Press Release
May 1, 2015

Sen.Pia: Job fairs on Labor Day are okay, but...

Job fairs organized by government agencies and private firms have become staple activities every year on Labor Day. But how many jobseekers above thirty years old actually get hired in these fairs?

Thus asked Senator Pia S. Cayetano, as she reiterated her call for an end to age discrimination in the workplace, which she said has unduly deprived 'older' workers of employment opportunities - as some employers tend to favor younger applicants or set preferred age limits for jobs that can generally be performed by any qualified employee, regardless of age.

"We see age discrimination openly being flaunted in job fairs and classified ads, where companies or employment agencies set specific age requirements for job seekers, such as between 20 to 30 years old. It is also in the employment policies of some industries, although sometimes discreetly," explained Cayetano.

"Our Constitution guarantees equal employment opportunities for all, and yet there is no law that prohibits age discrimination at work, not even an aggressive campaign by the labor department to seriously address this unfair practice."

Speaking on International Labor Day (May 1), Cayetano is pushing for the passage of her proposal, Senate Bill No.29, or the Anti-Age Discrimination in Employment Act (SBN 29).

"Age discrimination is also a common concern among Overseas Filipino Workers (OFWs). Many of them are skilled and highly experienced workers who would be assets in any company or enterprise, but experience has shown them that turning 30 has been a serious obstacle to being hired locally. Thus, many of our OFWs are forced to stay abroad or return there, sometimes as illegal workers, or even risk their own life and safety as migrant workers in countries torn by conflict or war."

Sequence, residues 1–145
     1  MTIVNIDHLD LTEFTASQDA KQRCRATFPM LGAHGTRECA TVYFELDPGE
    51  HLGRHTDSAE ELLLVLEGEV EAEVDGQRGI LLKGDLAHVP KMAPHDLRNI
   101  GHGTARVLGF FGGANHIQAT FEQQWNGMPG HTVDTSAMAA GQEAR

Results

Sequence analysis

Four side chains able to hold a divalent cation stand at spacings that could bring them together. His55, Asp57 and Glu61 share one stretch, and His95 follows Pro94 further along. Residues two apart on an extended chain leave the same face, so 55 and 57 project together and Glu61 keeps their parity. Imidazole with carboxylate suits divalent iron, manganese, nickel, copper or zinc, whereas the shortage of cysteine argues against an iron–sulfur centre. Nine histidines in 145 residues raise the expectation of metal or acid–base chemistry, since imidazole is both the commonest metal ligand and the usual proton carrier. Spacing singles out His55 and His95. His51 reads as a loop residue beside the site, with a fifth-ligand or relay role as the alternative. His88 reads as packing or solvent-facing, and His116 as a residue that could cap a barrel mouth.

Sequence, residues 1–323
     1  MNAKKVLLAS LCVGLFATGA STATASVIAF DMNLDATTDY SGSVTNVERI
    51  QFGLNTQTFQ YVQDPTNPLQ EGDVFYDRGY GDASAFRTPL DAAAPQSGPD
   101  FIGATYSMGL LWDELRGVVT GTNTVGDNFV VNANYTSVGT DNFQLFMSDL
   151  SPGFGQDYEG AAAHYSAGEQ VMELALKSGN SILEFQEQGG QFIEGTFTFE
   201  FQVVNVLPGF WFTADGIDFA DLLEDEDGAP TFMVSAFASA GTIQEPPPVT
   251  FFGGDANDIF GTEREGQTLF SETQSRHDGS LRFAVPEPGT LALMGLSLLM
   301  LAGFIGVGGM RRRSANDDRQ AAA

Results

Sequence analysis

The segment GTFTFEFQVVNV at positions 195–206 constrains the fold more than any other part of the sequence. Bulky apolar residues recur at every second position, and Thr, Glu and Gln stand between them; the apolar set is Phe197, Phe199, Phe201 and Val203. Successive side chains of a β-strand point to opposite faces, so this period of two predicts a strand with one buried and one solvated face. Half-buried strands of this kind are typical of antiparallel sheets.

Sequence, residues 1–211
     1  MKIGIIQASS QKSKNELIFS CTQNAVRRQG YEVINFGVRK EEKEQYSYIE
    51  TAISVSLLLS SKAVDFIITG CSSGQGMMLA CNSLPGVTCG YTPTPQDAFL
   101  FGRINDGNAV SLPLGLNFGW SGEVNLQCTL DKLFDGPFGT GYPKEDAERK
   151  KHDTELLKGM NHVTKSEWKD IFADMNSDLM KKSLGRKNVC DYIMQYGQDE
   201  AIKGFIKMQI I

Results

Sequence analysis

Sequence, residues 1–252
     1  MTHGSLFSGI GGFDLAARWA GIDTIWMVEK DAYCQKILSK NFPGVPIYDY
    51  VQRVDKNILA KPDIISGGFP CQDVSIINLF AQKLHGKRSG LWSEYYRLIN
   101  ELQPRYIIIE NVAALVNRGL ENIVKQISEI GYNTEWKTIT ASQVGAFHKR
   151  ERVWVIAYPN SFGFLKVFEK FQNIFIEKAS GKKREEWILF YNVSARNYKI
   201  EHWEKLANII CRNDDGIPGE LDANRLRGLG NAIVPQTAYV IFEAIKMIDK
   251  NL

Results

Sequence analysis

The senator said the Blas F. Ople Policy Center and Training Institute, a support group for migrant workers, and the 'Abilidad, Hindi Edad' ('Skills, Not Age') Coalition composed of workers and labor groups, have backed the passage of the bill which is pending on second reading in the Senate.

Under SBN 29, employers are prohibited from publishing or posting ads indicating age preferences, requiring applicants to declare their age, and declining application or laying off employees because of age. Violators face a fine of between P50,000 and P500,000, or imprisonment ranging from 3 months to 2 years.

"The Philippine economy is widely acknowledged as one of the fastest moving in the region, and yet our workers remain stuck in backward practices and conditions. Passing the Anti-Age Discrimination in Employment Act would be a fitting legacy of the 16th Congress for our workforce," she concluded.

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